• Advanced… button. This button brings up a dialog allowing you to change the default codecs as well as choose an audio recording device.

    Audio/Video Setup

    You’re presented with options for both video and audio. Let us first tackle the former. A click on the Video Setup… button will let you choose the video codec from a drop-down list. The default is the TechSmith Screen Capture Codec, and I strongly recommend you leave it alone. Even if you have a ton of animations, TSCC can most likely capture it all without dropping any frames. Then, if you find the resulting file size too large, you can encode using another codec after you’ve edited your project. The only possible exception I can think of is if you have many real-world videos embedded into your slides — this may necessitate a codec like MPEG-4. But I would still give it a shot with TSCC, just so that you can have a lossless original.

    You may notice here that the default key frame rate for TSCC is lower than it is in the Camtasia Recorder, at one key frame per 300 frames. Since PowerPoint slides tend to remain static for longer periods of time, you can get away with fewer key frames. Please see the previous chapter for a full discussion of key frames and delta frames.


    Let’s move on to the Audio Options. First, you’ll need to choose an Audio Device from the drop-down list, indicating which device you wish to record from (usually the sound card). It can be set to make use of the Windows default, or you can choose something different. You will also see details of the chosen audio codec as well as that codec’s attributes on this screen. To change them, just click the Audio Setup… button.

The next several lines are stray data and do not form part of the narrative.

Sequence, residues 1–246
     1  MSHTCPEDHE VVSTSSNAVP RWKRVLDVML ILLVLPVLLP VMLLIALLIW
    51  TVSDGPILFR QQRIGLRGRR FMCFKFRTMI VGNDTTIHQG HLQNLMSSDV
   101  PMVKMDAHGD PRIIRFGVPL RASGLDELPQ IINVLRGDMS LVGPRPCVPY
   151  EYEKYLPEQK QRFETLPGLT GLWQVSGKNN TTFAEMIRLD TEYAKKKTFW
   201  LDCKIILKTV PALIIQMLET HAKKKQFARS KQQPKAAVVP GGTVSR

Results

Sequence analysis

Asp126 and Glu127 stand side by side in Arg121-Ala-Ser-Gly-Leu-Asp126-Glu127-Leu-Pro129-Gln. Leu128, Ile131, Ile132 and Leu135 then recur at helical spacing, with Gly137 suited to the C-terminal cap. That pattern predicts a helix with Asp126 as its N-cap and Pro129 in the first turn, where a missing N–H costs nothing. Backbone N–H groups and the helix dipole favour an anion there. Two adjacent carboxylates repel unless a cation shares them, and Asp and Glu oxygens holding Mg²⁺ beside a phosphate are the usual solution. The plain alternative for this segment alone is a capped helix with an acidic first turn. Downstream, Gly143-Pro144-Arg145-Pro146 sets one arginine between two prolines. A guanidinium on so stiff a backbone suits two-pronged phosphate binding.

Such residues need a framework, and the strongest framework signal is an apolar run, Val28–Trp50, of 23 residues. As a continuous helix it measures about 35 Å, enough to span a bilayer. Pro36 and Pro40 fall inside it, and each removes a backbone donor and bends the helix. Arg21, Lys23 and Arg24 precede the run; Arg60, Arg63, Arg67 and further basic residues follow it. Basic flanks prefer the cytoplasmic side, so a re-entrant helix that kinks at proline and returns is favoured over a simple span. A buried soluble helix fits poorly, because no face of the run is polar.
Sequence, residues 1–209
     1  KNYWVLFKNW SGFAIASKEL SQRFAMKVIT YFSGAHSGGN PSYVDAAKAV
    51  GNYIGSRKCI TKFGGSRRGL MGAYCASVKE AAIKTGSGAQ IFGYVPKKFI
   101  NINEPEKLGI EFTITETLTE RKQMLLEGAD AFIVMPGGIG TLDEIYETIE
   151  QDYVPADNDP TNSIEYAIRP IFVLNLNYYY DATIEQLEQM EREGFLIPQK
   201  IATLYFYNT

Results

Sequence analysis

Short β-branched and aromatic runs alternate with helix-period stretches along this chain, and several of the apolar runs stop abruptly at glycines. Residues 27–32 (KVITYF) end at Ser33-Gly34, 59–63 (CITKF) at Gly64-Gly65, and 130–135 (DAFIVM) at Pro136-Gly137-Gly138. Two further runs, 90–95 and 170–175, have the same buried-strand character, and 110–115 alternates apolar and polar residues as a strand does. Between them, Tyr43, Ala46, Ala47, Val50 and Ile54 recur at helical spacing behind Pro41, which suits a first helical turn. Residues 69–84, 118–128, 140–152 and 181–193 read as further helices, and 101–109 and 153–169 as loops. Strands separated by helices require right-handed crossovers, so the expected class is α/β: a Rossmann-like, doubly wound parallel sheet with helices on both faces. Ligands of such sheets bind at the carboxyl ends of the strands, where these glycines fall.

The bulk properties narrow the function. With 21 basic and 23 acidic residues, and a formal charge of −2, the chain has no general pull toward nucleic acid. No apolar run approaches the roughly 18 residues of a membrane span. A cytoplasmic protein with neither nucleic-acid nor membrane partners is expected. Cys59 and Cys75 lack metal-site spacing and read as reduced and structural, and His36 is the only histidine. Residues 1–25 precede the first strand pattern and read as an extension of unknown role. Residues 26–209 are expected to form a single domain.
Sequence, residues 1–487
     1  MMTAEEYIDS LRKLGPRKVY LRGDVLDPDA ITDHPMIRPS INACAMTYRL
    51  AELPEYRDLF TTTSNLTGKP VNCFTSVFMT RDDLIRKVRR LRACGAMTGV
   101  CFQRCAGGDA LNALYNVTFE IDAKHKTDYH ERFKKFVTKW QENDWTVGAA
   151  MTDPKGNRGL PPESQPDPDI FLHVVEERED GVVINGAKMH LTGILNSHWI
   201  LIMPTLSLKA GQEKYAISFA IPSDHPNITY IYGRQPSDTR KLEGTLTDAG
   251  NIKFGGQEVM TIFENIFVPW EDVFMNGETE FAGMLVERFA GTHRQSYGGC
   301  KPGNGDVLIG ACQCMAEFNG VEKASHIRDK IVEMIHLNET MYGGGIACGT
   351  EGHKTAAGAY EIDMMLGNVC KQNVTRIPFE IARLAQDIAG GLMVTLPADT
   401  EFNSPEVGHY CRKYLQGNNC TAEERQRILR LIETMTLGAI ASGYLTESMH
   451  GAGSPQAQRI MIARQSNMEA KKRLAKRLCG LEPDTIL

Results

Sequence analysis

The Audio Format dialog is exactly the same as in Camtasia Recorder, though the default codec settings are vastly different. Because you’re unlikely to be recording with high-end audio equipment during a presentation, the default codec here is GSM 6.10. It provides telephone-quality output (in fact, this exact codec was used in the first generation of digital mobile phones), and is designed specifically for speech content. If you have a system that can handle the load, I would recommend setting the codec back to uncompressed (PCM), at 44,100 Hz, 16-bit, mono. Since you may want to distribute this file on the web at some point, you’ll obviously want to use a different audio codec later in the production process. But if you have the drive space and enough processing power to make a fluid capture, I’m generally for creating the highest-quality original possible, and then compressing and downsampling as needed.

    Keep in mind that if you ever lose your bearings when experimenting with the video and audio codecs, you can always go back to the factory defaults by clicking the Defaults button in the Advanced Video and Audio Setup dialog.


  • Record audio. Checking the Record audio box will include audio with your presentation, either from a microphone or the computer’s own system sound. You can choose between Microphoneonly and Computer speakers only by making the appropriate choice in the Audio source drop-down list. Note that the latter option is good for recording presentations where the audio narration has already been recorded within PowerPoint. However, keep in mind that this option might not be available to you if your sound card doesn’t support recording audio from the system (fortunately, most modern cards do). And finally, you have the option of selecting both Computer speakers and microphone, which will record both at once. Again, the system’s ability to do this is dependent on your sound hardware.

  • Volume slider. No matter which option you choose, you have a Volume slider that you will let you quickly adjust the recording volume for your selected audio source. You can test the volume by speaking into the microphone and monitoring the activity on the colored volume bar. Ideally, your volume should be within the range of yellow/orange, without going into the red area (where some clipping may occur). For the full lowdown on recording audio narration, please see Chapter 10, “Working with Other Media: Audio, PIP, and Title Clips.”

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Continued on Page 3...